School Board decides Coronavirus metrics for return to online learning, sparks discussion on viability of decided metrics


This image features an image of the LCPS COVID Case Data webpage, containing information on the two metrics decided to indicate return to 100% distance learning by the Loudoun County school board, as of November 17.

November 17, seven days before LCPS’s Thanksgiving break, an emergency school board meeting ruled in a 6 – 3 decision that all hybrid students would be moved to 100 percent distance learning if two separate metrics were both passed for five consecutive business days.

The first metric is passed when the number of new cases per 100,000 residents exceeds 200 during a 14 day period.

The second metric is passed when the positivity rate of coronavirus tests reaches 10 percent. This means that out of all people tested if 10 percent of tests come back positive the metric would be passed.

As of December 15 the metrics stood at 573.9 cases within the last 14 days and 11.7 percent of test positive within the last 14 days. This means that the metrics have been passed for five consecutive days and children already in hybrid learning were returned to 100 percent distance learning. There is no confirmed effect on plans for introduction of new students to in person learning in January.

This decision had the majority of support with 6 out of 9 members of the school board voting in favor of it. According to a Loudoun Now article, many supporters are in favor of the motion because it allows parents to easily track metrics. This ability would help the school board be clearer about how they are deciding switches to online and hybrid, and may allow parents the ability to prepare for a switch to distance learning from watching the metrics.

Parents are able to see daily updated metrics, monitored by the Virginia Department of Health, on the LCPS COVID Case Data webpage.

There were also dissenters to the motion, who found the metrics used and the plan overall to be unsatisfactory.

Some think the chosen metrics should be completely changed.

John Beatty, the school board member representing Catoctin district, wrote in an email dated November 20, about why he opposed the decided upon metrics and what, in his opinion, would have been better: “They affected the whole district, rather than each school or grade level individually. We need to consider in school Covid cases and transmissions, and we need to do so on a school by school basis.”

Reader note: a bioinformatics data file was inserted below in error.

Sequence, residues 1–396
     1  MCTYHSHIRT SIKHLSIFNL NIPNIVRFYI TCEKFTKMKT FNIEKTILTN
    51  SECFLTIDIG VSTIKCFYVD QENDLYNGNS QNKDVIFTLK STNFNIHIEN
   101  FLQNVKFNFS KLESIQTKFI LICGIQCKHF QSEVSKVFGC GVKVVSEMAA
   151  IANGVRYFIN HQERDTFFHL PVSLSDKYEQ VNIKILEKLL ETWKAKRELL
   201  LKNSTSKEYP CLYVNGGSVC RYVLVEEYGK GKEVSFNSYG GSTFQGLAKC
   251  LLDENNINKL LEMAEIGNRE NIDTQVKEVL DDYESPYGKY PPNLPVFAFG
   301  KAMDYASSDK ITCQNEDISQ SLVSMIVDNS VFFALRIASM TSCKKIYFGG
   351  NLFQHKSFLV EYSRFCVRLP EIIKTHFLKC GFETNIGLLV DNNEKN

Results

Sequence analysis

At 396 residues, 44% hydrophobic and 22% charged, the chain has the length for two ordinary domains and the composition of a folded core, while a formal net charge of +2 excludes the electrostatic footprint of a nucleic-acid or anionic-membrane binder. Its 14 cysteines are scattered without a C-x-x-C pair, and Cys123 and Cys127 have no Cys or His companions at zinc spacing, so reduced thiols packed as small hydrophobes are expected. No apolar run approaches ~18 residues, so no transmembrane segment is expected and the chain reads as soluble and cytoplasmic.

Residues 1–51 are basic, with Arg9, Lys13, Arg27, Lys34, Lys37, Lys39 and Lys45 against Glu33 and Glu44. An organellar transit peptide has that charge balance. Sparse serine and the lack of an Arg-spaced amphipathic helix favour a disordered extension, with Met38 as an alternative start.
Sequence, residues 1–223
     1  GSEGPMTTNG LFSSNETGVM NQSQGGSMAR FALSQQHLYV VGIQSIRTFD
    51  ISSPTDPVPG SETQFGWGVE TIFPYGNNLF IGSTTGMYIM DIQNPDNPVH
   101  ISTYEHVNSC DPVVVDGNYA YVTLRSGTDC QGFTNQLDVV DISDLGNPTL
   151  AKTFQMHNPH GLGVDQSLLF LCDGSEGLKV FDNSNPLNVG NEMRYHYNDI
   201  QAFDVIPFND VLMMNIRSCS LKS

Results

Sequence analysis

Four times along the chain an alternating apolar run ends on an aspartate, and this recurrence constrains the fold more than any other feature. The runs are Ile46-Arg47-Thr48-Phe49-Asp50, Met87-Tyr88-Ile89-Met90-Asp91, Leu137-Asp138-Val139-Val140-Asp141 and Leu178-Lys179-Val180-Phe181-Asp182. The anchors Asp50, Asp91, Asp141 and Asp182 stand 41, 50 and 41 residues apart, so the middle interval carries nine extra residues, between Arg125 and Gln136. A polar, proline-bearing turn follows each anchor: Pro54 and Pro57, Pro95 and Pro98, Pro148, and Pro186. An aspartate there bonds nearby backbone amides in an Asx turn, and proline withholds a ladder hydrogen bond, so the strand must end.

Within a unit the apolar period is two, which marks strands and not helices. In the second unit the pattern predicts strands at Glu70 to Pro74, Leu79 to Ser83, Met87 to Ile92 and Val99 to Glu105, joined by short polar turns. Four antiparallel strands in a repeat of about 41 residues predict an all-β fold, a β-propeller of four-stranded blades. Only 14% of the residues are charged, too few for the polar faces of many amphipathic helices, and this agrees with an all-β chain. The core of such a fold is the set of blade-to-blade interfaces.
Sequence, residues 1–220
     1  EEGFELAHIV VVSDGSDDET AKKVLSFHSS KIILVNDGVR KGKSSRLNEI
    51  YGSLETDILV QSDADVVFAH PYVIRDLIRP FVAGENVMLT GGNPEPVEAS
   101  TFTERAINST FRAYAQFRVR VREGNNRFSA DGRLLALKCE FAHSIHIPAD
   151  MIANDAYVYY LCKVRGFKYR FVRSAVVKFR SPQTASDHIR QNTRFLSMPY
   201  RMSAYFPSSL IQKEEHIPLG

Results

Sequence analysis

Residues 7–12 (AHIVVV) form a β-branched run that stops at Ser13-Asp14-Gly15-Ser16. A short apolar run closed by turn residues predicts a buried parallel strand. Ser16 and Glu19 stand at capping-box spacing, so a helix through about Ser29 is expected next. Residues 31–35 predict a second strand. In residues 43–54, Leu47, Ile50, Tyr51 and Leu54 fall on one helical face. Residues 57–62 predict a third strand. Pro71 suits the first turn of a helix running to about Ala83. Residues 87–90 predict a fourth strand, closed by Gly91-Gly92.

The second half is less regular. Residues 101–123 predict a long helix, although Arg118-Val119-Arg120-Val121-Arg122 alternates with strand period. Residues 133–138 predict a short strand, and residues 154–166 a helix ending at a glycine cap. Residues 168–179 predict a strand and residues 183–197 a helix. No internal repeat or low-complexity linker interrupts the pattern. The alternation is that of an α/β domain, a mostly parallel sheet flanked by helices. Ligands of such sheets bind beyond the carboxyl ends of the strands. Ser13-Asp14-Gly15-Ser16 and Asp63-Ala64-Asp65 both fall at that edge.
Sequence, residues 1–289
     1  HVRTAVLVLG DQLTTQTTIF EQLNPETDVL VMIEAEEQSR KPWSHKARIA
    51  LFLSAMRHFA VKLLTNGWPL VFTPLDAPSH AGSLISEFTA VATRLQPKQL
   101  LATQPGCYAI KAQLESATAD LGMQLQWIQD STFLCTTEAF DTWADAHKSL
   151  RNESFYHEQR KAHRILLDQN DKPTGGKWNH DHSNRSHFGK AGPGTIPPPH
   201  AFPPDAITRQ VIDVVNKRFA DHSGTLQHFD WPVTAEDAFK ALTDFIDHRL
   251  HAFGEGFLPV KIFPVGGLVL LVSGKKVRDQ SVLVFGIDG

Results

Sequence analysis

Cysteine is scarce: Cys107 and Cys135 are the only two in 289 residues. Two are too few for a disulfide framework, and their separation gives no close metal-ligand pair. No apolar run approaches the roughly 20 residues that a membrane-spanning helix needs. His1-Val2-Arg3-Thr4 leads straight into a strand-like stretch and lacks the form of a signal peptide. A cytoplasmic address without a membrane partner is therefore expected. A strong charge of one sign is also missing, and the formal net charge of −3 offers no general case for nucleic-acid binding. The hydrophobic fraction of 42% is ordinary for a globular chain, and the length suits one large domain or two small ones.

Others believe that they should be changed in smaller ways, or supplemented.

“The two metrics are helpful, but wholly inadequate. The most important metric is in-school transmission rate. If we have no transmission in schools, then that likely means the environment in schools is actually safer than outside the school. The CDC agrees with this,” wrote Jeff Morse, school board member representing Dulles district, in an email dated November 20.

School board members have also had dissenting opinions on the plan based on the metrics.

“This plan provides no flexibility, either shutting down or opening back up. We might want to scale back hybrid, or if we are 100 distance learning, we might want to scale it up. And it might take a few days to phase the hybrid students back into the classrooms. The current policy means students could be out of school one day, in the next, and out the next!  We need to fix that,” Morse wrote.

“Taking students out of in-person instruction is very disruptive – that’s why I had supported an alternative to pause bringing new groups of students into school if our numbers get high, but to not automatically take everyone out of hybrid without having a conversation about it first,” wrote Ian Seratokin, school board member representing Blue Ridge district, in an email dated November 20.

“I firmly believe  that we should have enabled the school board to continue to make decisions allowing some high risk/high need students to continue in hybrid while others may have their hybrid scaled back or deleted,” Morse wrote.

The majority of support is behind the use of metrics as the school board decided, even with some finding the metrics used, or subsequent plan, unsatisfactory.

Parents and students can keep updated on where the metrics stand with this link:

Supporters of the motion including Beth Barts (Leesburg), Harris Mahedavi (Ashburn), and Leslee King (Broad Run District) were contacted for comment but did not reply.